Researchers have also studied the effects of varying the length of naps. Surprisingly, it turns out that alertness and cognitive skills improve after as little as ten minutes of napping. That is enough time to relieve fatigue, too. Naps of twenty minutes or half an hour do not provide any greater benefits, and they are also more likely to set off a period of grogginess or sleep inertia. Those who take longer naps, of an hour or more, build up even more sleep inertia. There may be other gains from their deeper sleep, such as more creative problem solving, but it takes them even more time to return to full alertness and effectiveness.
Dr. Michael Terman : December 14, 2015 7:00 am : Michael Terman – Ph.D
Light Therapy Has Not Been an Option for Major Depression. Until Now.
Posted on Psychology Today December 14, 2015
It’s not news that antidepressants often don’t work. Even psychiatrist Thomas R. Insel, as director of the National Institute of Mental Health, said, “The bottom line is that these medications appear to have a relatively small effect in patients broadly classified as having depression.”
On top of that, the superiority of antidepressants compared with placebo in clinical trials has been declining over the past 20 years. Placebos are doing better than ever — so much so that some doctors are proposing that they’re legitimate treatments. more »
Dr. Michael Terman : November 10, 2015 7:00 am : Michael Terman – Ph.D
How Can You Find a Shortcut to Spring When the Chips are Down?
Welcome back, Dr. Elizabeth Saenger, who graced us last spring with her first post, The Opposite of Sex, Drugs, and Rock & Roll: Deborah’s Story, the start of a true family drama. Now fall is upon us, and the prevailing mood in this wonderful family is turning around. Jump back to Elizabeth’s first post to set the stage for what follows here. —Michael Terman
Ruth lives by the beach in Rockaway in New York. In the summer, she strolls by the dunes, or basks in the sun, enjoying the waves and the people. However, when winter comes around, Ruth’s alter ego crawls out. And then she is, by her own admission, “slower than cold tar poured down a hill backwards.” more »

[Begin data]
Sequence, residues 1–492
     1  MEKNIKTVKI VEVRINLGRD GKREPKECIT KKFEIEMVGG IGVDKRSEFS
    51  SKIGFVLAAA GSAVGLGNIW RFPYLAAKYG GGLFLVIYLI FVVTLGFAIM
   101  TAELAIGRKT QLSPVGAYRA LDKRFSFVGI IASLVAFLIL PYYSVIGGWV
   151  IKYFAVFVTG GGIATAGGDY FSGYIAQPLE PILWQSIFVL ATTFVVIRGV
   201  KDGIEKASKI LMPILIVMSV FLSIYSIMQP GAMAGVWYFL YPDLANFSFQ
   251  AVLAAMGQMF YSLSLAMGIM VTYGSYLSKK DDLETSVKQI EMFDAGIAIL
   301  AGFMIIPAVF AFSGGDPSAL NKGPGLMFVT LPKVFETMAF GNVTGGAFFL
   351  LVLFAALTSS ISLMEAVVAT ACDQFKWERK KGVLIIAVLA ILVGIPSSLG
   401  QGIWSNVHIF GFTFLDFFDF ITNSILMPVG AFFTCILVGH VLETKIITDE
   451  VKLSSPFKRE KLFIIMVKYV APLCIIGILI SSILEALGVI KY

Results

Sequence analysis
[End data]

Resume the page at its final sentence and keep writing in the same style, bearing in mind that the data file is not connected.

Jet lag can ruin a vacation or business trip. Some travelers are more vulnerable than others. Major factors are east/west direction and number of time zones crossed. In Part I, Dr. Oren pointed to circadian rhythms disrupted by the sudden shift in the light-dark cycle. Here he points also to activity and rest patterns, and offers a program to minimize ill effects. In Part II of his jet lag series for Psychology Today, Dan develops a set of practical schedules of light-dark exposure and activity-rest scheduling to ease your long distance travel woes. The prescription is specific both to the distance and direction of your trip. more »
Dr. Michael Terman : March 24, 2014 7:00 am : Michael Terman – Ph.D
A new lamp and a light filter to help you sleep make implausible claims.
In a February 2014 post we showed two lamps that claim to ease sleep onset by eliminating the activating blue component of white light. The first in the market, several years ago, was the LowBlueLights (LBL) LED lamp. The latest is the Good Night lamp. Problem is, unlike the LBL, the Good Night does not eliminate the wavelengths of light that cause undesired activation in the hours before sleep, suppression of nighttime melatonin by the pineal gland, circadian rhythm phase delays, and sleep-onset insomnia. In fact, this lamp doesn’t differ substantially in blue emission from a standard 85¢ incandescent bulb. more »